There are some 20 miles of trails in the North Tract, including the paved 8-mile Wildlife Loop access road which is lightly traveled. Another 9 miles of trails are on former access roads closed to vehicular traffic. The hiking on these pebbly roads cuts through the woods and, while quiet and solitary, the scenery seldom changes on the long, straight stretches. The best hiking at the North Tract is on the Forest Habitat Trail, opposite the visitor center. The wide, soft trail contours pleasantly as it circles for 2.5 miles through mature forest with limited under understory. Two other hiker-only trails of less then a mile are available:  the Little Patuxent River Trail which loops through the moist ground by the river and the sandy Pine Trail. Several alluring ponds await canine swimmers including Rieve’s Pond off the Blue Trail and the Cattail Pond at Bailey’s Bridge. The Little Patuxent River a few feet from the pond has a deep pool at this point as well. 

G. Richard Thompson Wildlife Refuge (Cape May, Virginia)
The major portion of the management area’s two parcels, totaling nearly 4,000 acres, are located in Northwestern Fauquier County. Beginning at its lower reaches, the property rises in a series of steep inclines and benches to the crest of the Blue Ridge. Elevations range from 700 to 2200 feet. Though predominantly a hardwood forest, there is some open land at the lower elevations and at the top of the Davenport Tract. Other physical features of the area include numerous rock outcroppings, and several major streams and ecologically unique spring seeps. Parking is provided in 11 designated parking lots; two on the eastern slopes along Route 688.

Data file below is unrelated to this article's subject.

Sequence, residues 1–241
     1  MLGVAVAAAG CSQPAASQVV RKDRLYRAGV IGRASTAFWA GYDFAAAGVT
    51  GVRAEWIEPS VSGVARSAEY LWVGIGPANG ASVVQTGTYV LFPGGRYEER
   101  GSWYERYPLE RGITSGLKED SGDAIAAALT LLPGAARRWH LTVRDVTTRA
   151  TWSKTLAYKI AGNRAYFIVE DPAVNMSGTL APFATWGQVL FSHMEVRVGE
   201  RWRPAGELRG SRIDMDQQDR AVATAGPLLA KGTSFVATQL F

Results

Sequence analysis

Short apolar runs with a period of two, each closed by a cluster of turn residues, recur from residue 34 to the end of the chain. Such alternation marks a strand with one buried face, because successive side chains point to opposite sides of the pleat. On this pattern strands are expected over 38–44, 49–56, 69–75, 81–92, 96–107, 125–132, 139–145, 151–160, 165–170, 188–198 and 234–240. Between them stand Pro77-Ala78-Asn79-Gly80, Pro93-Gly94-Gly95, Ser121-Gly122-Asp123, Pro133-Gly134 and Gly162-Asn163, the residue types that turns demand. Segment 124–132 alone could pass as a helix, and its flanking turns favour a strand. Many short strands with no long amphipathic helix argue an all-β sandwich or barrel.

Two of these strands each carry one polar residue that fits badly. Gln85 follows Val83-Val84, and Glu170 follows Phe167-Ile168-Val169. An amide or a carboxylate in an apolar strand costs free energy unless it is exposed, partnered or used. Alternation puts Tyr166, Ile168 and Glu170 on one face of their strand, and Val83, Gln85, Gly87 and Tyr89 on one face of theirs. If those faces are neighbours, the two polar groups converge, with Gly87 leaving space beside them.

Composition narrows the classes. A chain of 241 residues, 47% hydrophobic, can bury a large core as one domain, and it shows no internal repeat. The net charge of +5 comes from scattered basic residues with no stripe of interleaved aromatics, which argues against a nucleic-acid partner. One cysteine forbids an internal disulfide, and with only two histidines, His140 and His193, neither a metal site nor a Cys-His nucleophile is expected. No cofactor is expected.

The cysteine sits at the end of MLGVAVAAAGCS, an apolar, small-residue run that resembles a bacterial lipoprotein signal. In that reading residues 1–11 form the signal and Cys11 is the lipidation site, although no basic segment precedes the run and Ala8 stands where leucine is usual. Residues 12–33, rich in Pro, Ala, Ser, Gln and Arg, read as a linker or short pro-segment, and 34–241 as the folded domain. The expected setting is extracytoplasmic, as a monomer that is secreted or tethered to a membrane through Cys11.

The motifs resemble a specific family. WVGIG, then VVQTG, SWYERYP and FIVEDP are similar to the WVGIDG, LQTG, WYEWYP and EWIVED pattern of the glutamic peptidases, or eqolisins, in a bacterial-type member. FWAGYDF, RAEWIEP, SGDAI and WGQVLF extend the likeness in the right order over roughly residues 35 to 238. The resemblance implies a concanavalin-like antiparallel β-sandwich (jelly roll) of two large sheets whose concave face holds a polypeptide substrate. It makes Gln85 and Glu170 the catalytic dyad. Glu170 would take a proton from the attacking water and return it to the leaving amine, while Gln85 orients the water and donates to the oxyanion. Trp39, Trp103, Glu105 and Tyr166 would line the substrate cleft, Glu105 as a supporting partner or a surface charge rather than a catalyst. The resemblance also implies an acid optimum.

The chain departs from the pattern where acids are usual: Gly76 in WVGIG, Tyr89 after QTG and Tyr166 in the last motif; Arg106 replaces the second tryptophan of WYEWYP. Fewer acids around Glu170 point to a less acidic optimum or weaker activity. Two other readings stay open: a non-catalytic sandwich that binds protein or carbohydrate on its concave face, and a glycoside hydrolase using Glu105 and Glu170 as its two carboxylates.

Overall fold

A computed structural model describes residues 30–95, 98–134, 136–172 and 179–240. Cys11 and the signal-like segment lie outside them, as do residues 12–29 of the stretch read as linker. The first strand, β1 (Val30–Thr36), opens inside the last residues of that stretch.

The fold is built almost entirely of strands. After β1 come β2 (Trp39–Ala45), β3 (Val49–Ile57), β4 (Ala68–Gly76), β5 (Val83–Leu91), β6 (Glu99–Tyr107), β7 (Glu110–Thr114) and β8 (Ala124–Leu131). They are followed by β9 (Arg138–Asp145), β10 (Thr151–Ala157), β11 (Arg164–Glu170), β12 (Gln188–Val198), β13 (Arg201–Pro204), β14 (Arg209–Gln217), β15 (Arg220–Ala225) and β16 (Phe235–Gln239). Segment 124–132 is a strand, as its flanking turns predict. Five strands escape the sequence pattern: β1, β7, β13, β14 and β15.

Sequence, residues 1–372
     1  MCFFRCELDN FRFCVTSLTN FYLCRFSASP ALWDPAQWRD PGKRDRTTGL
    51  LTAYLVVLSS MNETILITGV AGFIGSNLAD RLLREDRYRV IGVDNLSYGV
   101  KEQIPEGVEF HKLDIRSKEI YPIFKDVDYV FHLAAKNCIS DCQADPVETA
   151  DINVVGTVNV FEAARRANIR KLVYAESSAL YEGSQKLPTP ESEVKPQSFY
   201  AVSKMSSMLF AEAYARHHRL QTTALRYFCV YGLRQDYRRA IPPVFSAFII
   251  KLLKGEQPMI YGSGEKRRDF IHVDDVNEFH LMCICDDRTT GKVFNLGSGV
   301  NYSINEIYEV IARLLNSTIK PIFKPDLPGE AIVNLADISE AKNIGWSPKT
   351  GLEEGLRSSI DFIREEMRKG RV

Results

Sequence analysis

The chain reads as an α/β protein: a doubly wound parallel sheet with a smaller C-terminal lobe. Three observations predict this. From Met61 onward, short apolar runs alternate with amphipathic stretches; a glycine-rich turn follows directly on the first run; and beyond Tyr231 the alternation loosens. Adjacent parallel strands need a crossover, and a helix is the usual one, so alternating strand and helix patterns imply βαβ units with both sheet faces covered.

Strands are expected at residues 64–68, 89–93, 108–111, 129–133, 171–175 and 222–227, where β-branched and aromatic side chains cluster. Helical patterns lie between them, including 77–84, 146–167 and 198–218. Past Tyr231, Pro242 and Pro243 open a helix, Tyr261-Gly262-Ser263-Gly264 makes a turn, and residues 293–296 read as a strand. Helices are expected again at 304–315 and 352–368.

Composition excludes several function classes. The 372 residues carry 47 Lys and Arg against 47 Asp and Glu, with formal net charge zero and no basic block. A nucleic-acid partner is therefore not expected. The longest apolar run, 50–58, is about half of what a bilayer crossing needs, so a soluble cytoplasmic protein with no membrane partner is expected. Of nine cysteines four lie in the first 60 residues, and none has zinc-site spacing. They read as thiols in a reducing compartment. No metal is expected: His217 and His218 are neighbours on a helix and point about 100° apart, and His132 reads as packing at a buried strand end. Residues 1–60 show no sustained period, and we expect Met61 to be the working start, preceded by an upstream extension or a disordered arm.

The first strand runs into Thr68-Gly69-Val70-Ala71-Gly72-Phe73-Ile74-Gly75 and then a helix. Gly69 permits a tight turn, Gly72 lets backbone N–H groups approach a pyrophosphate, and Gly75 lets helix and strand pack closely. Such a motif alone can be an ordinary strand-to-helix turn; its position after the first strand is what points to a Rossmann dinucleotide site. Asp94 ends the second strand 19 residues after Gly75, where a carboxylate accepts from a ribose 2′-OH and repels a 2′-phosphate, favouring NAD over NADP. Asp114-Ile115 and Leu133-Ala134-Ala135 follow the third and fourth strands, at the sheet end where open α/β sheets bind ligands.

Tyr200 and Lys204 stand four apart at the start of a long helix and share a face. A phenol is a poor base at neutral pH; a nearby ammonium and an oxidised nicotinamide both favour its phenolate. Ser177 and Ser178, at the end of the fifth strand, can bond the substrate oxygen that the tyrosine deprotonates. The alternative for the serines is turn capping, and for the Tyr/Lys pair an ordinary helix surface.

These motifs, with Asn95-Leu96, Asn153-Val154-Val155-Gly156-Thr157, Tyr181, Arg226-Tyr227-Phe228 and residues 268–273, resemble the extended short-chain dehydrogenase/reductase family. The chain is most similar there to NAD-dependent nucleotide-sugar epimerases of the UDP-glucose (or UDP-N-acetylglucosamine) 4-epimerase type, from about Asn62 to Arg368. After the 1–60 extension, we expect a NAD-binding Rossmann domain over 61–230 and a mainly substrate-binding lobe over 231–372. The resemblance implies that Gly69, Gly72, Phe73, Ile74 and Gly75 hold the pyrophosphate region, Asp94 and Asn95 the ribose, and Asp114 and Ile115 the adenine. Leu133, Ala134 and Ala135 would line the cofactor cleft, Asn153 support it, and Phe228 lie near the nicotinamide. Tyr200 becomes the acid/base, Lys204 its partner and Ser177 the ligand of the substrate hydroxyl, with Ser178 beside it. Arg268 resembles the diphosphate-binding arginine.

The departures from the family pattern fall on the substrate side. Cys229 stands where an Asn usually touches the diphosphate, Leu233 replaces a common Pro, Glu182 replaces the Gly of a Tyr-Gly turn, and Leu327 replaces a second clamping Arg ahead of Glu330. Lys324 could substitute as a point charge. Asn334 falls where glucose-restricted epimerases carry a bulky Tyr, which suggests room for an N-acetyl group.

Trails from both parking lots lead up to the Appalachian Trail although the most popular route is from the northern lot at Lake Thompson. This is not a mountain hike with stunning views, dramatic waterfalls or tumbling streams. You’ll actually get none of those. But if you are looking for a long walk in the woods with your dog, Thompson Wildlife Refuge is your destination. The climb to the Appalachian Trail - that crosses the park for seven miles - is moderately strenuous and the full loop will cover about eight miles. Abandoned homesites and the occasional apple tree from long-ago orchards provide a bit of diversity. The 10-acre Lake Thompson is a superb doggie swimming hole.

Higbee Beach Wildlife Management Area (Cape May, New Jersey)
Higbee Beach, the last remaining dune forest along the Delaware Bay, was acquired by the State of New Jersey in 1978, thwarting plans to build a campground here. The Higbee Beach Wildlife Management Area today is jointly administered by the state and the U.S. Army Corps of Engineers. For years Higbee Beach was known as the area’s “nude beach” but now your dog is the only visitor legally allowed to hit the beach without a swim suit.